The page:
It starts with a computerized beat, ominous and mysterious, steadily hastening. A single soul stands onstage, standing in the glow of his “instrument” — a computer screen.
A piano joins — one note played over and over. Then a violin, then two. The stage is lit bright blue, yet it’s so dark the audience only sees bodies, silhouetted by the light, and the instruments that accompany them. In an instant, the stage becomes pink.
A flute and two violas join the mix. A french horn. Then a voice, barely discernible, distorted by synth. Drummers and guitar players join the mix to create a complex layering of sounds.
As the sounds intertwined and combined, what emerged was music — music unlike anything I’d ever heard before.
On Saturday night, Minneapolis synthpop band Poliça and Berlin-based orchestra collective Stargaze collaborated in concert together at UW-Eau Claire’s Schofield Auditorium, following their performance at St. Paul, Minnesota’s Fitzgerald Theater Friday night as part of the St. Paul Chamber Orchestra’s Liquid Music concert.
Together, the group performed their project titled “Music for the Long Emergency,” which they’ve been working on for the last two years. The set is inspired by the novel “The Long Emergency” by James Howard Knustler, which delves into how earthly reliance on cheap oil will ultimately incite worldwide doom.
“Anyone who is awake on this earth can feel the days and nights are full of emergencies,” Poliça vocalist Channy Leaneagh said in an email to the Star Tribune, explaining their inspiration behind the project.
This stop was not Poliça’s first in Eau Claire, having previously performed at the first Eaux Claires Music Festival in July 2015.
“We’re really excited to be here,” Leaneagh told the crowd after their first song.
For Stargaze, the concert marked only their second time performing in the United States, and their last before heading back to Berlin.
“We’re honored to be making music with them (Stargaze),” Leaneagh said. “We’re sad to see them go, but we know we’ll be together again soon. This is an exciting time, and we hope there are exciting things going on in your lives, too.”
The melodic, sometimes sweet, sometimes dramatic, music was filled with clashing texturing and dissonance to create a variety of sounds that were unconventional but somehow fit together.
The smallest layers, like a single violinist striking his bow to his violin, made all the difference. That piece in the puzzle, and many other seemingly minute details similar to that, made the show what it was — a true existential experience that had me deep in thought for its entirety. The performance left me stupefied, walking out of the auditorium wondering what in the world had just happened to me within the span of a two-hour concert (in the best way possible).
Sometimes Leaneagh’s rich, silky yet somehow pure voice (often distorted by synth effects and hard to understand) was the main event; sometimes it was the orchestra that really stole the show.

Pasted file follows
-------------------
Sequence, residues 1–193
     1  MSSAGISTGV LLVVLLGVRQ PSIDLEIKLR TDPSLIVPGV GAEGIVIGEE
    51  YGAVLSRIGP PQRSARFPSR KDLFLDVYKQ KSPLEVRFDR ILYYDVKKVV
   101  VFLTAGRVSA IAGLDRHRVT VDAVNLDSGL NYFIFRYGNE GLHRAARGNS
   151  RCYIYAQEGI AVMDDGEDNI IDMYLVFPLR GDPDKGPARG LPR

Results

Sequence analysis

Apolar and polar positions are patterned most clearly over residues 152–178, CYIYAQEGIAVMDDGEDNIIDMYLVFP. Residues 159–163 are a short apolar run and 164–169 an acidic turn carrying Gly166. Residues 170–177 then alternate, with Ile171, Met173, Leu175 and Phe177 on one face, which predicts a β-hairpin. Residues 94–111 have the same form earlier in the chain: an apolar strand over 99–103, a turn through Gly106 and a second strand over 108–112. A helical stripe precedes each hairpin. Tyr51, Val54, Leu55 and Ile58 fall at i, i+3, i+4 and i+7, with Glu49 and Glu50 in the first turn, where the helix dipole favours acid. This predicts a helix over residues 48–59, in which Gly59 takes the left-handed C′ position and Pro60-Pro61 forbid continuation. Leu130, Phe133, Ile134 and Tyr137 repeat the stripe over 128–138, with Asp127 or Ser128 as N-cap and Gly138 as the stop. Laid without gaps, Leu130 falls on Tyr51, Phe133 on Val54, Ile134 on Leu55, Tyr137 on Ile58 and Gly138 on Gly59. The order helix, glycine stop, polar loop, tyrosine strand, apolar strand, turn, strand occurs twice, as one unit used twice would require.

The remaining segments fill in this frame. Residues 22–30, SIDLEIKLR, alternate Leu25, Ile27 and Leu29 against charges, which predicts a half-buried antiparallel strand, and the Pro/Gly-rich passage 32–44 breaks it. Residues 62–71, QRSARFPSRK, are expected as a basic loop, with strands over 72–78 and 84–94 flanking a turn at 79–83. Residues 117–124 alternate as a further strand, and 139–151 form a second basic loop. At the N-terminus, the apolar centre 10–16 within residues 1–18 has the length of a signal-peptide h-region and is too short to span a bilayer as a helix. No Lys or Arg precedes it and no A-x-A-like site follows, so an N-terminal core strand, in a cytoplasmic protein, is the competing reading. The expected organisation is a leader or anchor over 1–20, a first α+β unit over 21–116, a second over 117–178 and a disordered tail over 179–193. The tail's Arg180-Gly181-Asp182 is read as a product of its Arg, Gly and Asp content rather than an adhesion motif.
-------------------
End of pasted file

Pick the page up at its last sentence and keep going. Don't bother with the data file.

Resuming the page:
No matter who was “leading” the moment, emotions were palpable across the stage. They seemed to move and emote as a singular body while playing together. It was like these two groups, wholly unlike one another, were meant to play together.
In one of the few times Leaneagh addressed the crowd between songs, she acknowledged how hard her voice can be to understand.
“People say they can’t understand me when I sing,” she said, “but let’s see if you can understand the marvels in my mouth.”
Although we didn’t hear much from Leaneagh or any of the other performers during the concert, it was fitting, the music truly speaking for itself. Without many interruptions, the audience was able to focus on the music for what it was.
Each song contrasted the one before it — in vibe, vocals and instrumentation. Still, it all seemed to fit together.
The Eau Claire music scene made their way to the show with local electronic artist Feng Meng Vue, who releases music under the name sloslylove, opening the show for the first 40 minutes. Minneapolis-based rap artist Kill the Vultures joined in for a song at the end, making for the perfect collision of synth pop, orchestra and rap.
The biggest detraction from the concert was the venue itself — electronic synthpop converged with orchestral music did not fit Schofield Auditorium, no matter how many times I told myself to ignore it.
On the other hand, the half-full auditorium did provide the intimate setting that was necessary for a performance of this nature.
Closing with the title song of their project, Leaneagh tried to describe the song and all it means to her, but then she abruptly stopped.
“I’m just going to let this song do it’s thing,” she said, deciding to let the haunting song speak for itself.
And that it did.
The musicians, one by one, made their way offstage while the somber yet resolved final notes hung in the air, leaving the audience in a trance for two silent seconds before a rousing applause and a standing ovation broke out.